Fewer active workers are supporting a growing number of retirees receiving pension benefits from the Mississippi Public Employees’ Retirement System, a report by a legislative oversight agency concluded.

The study by the Mississippi Legislative Performance Evaluation and Expenditure Committee pointed out that between 2010 and 2020 the ratio of active employees to retired employees decreased about 33%, from 2.02 active to 1 retiree, to 1.35 to 1.

“As a result of the decrease, the payroll of fewer active members must fund future pension obligations, a factor made more important because contributions from active members and their employers comprise approximately 46% of PERS revenues” as of 2020, the report pointed out.

It could be argued that state budget cuts made in recent years by the Legislature resulting in a reduction in the government work force have made it more difficult to ensure PERS’ financial viability.

The reduction in the employee to retiree ratio and other factors will at least lead to the PERS governing board considering increasing the employer contribution (paid by state, education entities and local governments) to the retirement plan, according to the report by the legislative committee. The increase in the employer contribution, costing government more money, could be considered as early as the June 23 meeting of the PERS Board.

The legislative PEER committee does an annual report on PERS, which has been in the spotlight for more than a decade as the governing board for the retirement system has strived to put in place policies to ensure its long-term financial viability. Most state, city and county employees and public educators are in the system that currently has about 325,000 members, including current employees, retirees and others who used to work in the public sector but no longer do.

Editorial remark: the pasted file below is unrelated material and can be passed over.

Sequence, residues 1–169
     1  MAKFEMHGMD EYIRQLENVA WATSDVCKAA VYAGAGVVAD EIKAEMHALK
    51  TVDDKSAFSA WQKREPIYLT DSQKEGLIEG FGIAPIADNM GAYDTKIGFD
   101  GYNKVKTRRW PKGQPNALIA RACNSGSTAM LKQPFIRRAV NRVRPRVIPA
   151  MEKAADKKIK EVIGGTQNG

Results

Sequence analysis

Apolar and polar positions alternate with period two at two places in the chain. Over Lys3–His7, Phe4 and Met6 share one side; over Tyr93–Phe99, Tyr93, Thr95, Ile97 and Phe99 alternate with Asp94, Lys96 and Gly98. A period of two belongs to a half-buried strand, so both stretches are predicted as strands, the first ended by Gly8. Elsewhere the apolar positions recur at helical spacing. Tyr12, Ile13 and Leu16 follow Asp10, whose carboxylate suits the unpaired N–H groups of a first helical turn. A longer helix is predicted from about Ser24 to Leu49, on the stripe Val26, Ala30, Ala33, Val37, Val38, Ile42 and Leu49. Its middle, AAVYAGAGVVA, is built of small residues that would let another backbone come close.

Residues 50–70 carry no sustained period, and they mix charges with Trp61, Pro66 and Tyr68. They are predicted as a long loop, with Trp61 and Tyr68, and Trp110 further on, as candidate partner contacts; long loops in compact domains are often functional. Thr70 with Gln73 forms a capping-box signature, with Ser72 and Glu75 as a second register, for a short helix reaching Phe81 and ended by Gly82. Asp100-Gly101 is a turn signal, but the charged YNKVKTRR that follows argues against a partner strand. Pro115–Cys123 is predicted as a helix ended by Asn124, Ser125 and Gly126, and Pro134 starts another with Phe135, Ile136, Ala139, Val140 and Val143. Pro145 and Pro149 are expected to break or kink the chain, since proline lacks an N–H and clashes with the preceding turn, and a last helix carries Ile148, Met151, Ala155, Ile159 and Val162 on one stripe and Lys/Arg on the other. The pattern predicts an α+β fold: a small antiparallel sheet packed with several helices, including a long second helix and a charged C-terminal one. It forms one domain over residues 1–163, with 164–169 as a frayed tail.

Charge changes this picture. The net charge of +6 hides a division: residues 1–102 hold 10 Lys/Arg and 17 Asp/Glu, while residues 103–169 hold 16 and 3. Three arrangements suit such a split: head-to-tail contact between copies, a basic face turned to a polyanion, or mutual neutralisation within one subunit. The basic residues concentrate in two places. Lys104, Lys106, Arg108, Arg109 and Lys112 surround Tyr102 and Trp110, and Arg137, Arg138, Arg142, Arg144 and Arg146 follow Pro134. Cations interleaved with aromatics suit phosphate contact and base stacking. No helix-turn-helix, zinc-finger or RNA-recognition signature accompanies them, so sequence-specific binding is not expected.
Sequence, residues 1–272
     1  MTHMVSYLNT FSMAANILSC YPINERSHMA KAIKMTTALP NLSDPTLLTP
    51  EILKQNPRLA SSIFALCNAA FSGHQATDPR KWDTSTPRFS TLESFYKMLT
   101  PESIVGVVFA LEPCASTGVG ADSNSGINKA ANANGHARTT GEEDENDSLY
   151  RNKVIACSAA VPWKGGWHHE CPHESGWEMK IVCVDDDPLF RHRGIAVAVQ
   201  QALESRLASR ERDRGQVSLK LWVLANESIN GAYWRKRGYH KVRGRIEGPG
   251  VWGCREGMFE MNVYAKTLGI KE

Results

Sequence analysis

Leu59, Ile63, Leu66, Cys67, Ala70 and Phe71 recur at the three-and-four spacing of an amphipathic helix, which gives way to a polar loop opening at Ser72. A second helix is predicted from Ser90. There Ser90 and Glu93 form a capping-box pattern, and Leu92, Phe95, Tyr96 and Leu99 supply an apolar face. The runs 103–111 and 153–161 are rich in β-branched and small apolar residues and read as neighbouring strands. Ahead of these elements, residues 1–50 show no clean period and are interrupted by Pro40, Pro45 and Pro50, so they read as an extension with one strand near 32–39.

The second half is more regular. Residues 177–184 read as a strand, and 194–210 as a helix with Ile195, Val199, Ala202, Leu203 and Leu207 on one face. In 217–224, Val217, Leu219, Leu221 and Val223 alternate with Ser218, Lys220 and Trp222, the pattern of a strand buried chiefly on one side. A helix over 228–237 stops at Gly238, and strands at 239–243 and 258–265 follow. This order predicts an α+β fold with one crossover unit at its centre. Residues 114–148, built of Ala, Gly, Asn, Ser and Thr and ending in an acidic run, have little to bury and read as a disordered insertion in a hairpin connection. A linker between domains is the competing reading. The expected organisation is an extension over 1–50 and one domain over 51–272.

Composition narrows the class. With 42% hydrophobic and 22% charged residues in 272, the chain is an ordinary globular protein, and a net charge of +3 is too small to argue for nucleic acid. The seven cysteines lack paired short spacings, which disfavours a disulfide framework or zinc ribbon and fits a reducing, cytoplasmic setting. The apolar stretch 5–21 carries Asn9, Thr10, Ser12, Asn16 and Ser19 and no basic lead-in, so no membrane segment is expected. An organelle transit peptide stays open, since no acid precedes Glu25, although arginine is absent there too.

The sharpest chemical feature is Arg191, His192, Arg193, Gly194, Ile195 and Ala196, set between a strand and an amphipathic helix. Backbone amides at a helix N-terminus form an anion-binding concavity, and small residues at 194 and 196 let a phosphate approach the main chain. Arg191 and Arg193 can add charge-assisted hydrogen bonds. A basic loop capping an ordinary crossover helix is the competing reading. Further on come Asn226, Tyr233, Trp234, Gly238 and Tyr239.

The report said that because of some warning indicators “flashing red” the governing board might have to consider raising the employer contribution to the public retirement system in the coming year.

The system had a full-funding ratio of 58.8% last June down from 61.3% the previous June. That means that it has almost 59% percent of the assets needed to pay the benefits of all the people in the system, ranging from the newest hires to those already retired. Theoretically it is recommended that a system has a funding ratio of about 80%.

The system has struggled to increase its funding rate, the PEER report said because of:

  • The decline in public sector workers
  • A growing number of retirees
  • Slow wage growth for public employees
  • Benefits that were added by the Legislature in the early 2000s
  • Investments not meeting returns in some years

Officials had said earlier they believe steps taken in recent years will over time help boost the funding ratio.

In 2018, the board took the step of increasing the contributions from employers, such as state agencies and local governments, from 15.75 percent of payroll for each employee to 17.4%. That small increase cost state and local governments, including education entities, an additional $100 million annually.

Employees in the system pay 9 percent of their salary toward their retirement. It was increased from 7.25 percent in the late 2000s. The average yearly benefit from the plan is about $24,400.

In June 2020, according to PERS’ actuary, the plan’s funding ratio was projected to be at 67.6% by 2047 compared to a projection of 83.2% by 2047 made the previous year.

The decline in the funding ratio was attributable to multiple factors, including “less than expected revenue gains.”

The system has total assets of $28.2 billion.

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Bobby Harrison, Mississippi Today’s senior capitol reporter, covers politics, government and the Mississippi State Legislature. He also writes a weekly news analysis which is co-published in newspapers statewide. A native of Laurel, Bobby joined our team June 2018 after working for the North Mississippi Daily Journal in Tupelo since 1984. He is president of the Mississippi Capitol Press Corps Association and works with the Mississippi State University Stennis Institute to organize press luncheons. Bobby has a bachelor's in American Studies from the University of Southern Mississippi and has received multiple awards from the Mississippi Press Association, including the Bill Minor Best Investigative/In-depth Reporting and Best Commentary Column.